Consistent with previous research on the longitudinal trends of TasP awareness,31 our study found that TasP support was consistently higher among HIV-positive men than HIV-negative men throughout the study period. Accordingly, the largest class transitions were seen among HIV-negative men. There was a 40% decrease in the proportion of Unaware HIV-negative men, compared with a 4% decrease in Unaware HIV-positive men. However, most HIV-negative men transitioned from the Unaware class to the Skeptical class, and among both HIV-negative and HIV-positive men, the proportion of those transitioning into the Believing classes was only around 10%. These results can be considered in light of previous research, which has reported skepticism among HIV-negative men about whether an undetectable viral load can prevent HIV transmission.32 However, HIV-positive men in the Believing class were actually slightly less optimistic of TasP's ability to eliminate transmission worries compared with HIV-negative men in the same class. Furthermore, we observed that HIV-positive men who recently started treatment or who had never been on treatment increased in TasP support faster than those with suboptimal adherence. This may suggest that HIV-positive men place greater weight on the potential limitations of TasP—perhaps owing to their greater exposure to medical professionals, sexual health information, and social norms that place a disproportionate responsibility on people living with HIV to prevent HIV transmission.

Our findings also present a nuanced view of the effect of TasP on sexual behaviors. We observed that greater TasP endorsement was associated with greater odds for engaging in any CAS and with the use of erectile dysfunction and party drugs. Furthermore, membership in classes representing higher TasP endorsement was associated with lower odds of reporting “always using condoms.” These 2 key findings suggest that TasP endorsement is associated with increased CAS—and thus, in the absence of PrEP or TasP,6,20 greater risk for HIV. This finding generally agrees with previous studies examining the impact of TasP on CAS and subsequent acquisition of STI.33–35 However, these findings should also be considered in light of research, indicating that men willing to rely on TasP and other biomedical prevention strategies are already engaging in CAS.36 Indeed, TasP endorsement may not necessarily be the most salient predictor of condom use.37 It may be that TasP merely provides GBM with the knowledge and comfort to rely on other risk management options,38 such as viral-load sorting and PrEP—which a growing body of research suggests may eliminate the risk for HIV during CAS.6,20

Our findings support the view that TasP awareness may actually be an indicator of greater health literacy. For instance, we observed that faster TasP endorsement was associated with decreased odds for CAS and having a recent STI diagnosis among HIV-negative men. Likewise, “always using condoms” was associated with faster, not slower, TasP endorsement. These findings suggest that TasP has diffused more effectively among men who had been using condoms and effectively preventing STIs but now employ TasP-related strategies as part of their risk management approach. With consideration to diffusions of innovation theory, this suggests that condoms may be increasingly viewed as a dated HIV prevention strategy by GBM who have adopted newer, preferred alternative risk management strategies, such as viral-load sorting and PrEP. With that said, we note that only about half of HIV-positive men in the Believing and Skeptical classes reported using their viral load status in determining when to use condoms with HIV-negative partners. Furthermore, a higher proportion of HIV-positive and HIV-negative men in the Believing classes agreed that condomless sex is “never safe” despite believing that people with undetectable viral loads “cannot pass on the virus” and “do not need to worry so much about infecting others with HIV.” These findings suggest that individuals well informed of TasP, and especially HIV-positive persons, continue to weigh their sexual health and pleasure-seeking behaviors carefully. Furthermore, their agreement that CAS is “never safe” may indicate that they recognize the limitations of biomedical HIV preventions in addressing the risk for other STIs. However, given the independent diffusion of TasP principles, these findings provide an example of the potential benefits of educating GBM of both the benefits and limitations of TasP, allowing them to leverage evidence-driven knowledge to better manage their sexual health.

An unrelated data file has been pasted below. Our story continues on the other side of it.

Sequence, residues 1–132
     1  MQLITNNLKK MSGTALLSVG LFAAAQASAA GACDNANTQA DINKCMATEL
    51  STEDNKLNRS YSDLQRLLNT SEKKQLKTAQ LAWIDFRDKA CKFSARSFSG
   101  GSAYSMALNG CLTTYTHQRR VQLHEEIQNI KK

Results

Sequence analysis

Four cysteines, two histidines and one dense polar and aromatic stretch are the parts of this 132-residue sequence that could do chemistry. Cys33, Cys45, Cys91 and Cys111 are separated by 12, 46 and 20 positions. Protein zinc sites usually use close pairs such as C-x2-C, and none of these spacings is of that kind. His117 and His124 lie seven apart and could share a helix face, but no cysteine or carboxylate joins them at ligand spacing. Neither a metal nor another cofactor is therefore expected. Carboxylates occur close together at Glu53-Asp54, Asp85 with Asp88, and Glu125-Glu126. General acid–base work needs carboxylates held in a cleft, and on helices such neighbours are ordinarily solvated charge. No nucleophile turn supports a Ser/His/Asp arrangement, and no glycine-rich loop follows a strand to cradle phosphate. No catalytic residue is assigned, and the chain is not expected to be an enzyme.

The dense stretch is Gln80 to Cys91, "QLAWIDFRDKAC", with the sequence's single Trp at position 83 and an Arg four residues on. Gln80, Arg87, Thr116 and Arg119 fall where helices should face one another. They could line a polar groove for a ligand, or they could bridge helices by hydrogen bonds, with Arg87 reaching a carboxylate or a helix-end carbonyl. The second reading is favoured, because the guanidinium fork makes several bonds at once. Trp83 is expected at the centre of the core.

Considering that the diffusion of TasP differed across key subgroups of GBM, which are regularly described as at risk (eg, socially isolated men, ethnic minorities, those with less formal education, those who are unemployed, and those who use sex and party drugs), ongoing and future biomedical interventions should be careful not to assume that the diffusion of prevention strategies will reach these communities. This is especially important given research that has found that differences in the sexual scripts and norms between subgroups can contribute to the breakdown of sexual negotiations, which otherwise provide GBM with opportunities to protect themselves and their partners from unwanted risks.39 Programs designed to ensure that all GBM have a basic understanding of the benefits and limitations of biomedical prevention might also have the added benefit of addressing lagging negative attitudes toward HIV-positive men, thereby helping to establish realistic risk perceptions for those who experience significant anxiety regarding their sexual behavior. Indeed, because disclosure of serostatus is an important precursor of several risk reductions strategies employed by GBM,40–42 reducing stigma for HIV may enhance disclosure self-efficacy among HIV-positive men, making these strategies more effective for all GBM.43,44 This is especially important for contexts where risk reduction measures not dependent on serodisclosure, such as PrEP, are not yet widely available. Furthermore, previous studies have also suggested that reduced stigma may facilitate better uptake of care—resulting ultimately in a higher proportion of HIV-positive men achieving undetectability.45,46 Among HIV-negative men, reduced HIV-stigma, brought about by increased TasP awareness, also has the potential to improve HIV testing by reducing the fear associated with an HIV-positive result.47 Research has also shown that increased TasP awareness is associated with taking postexposure prophylaxis—reinforcing the idea that greater treatment awareness can contribute to risk-reduction strategies among GBM who are already engaging in high-risk sexual behaviors.31,36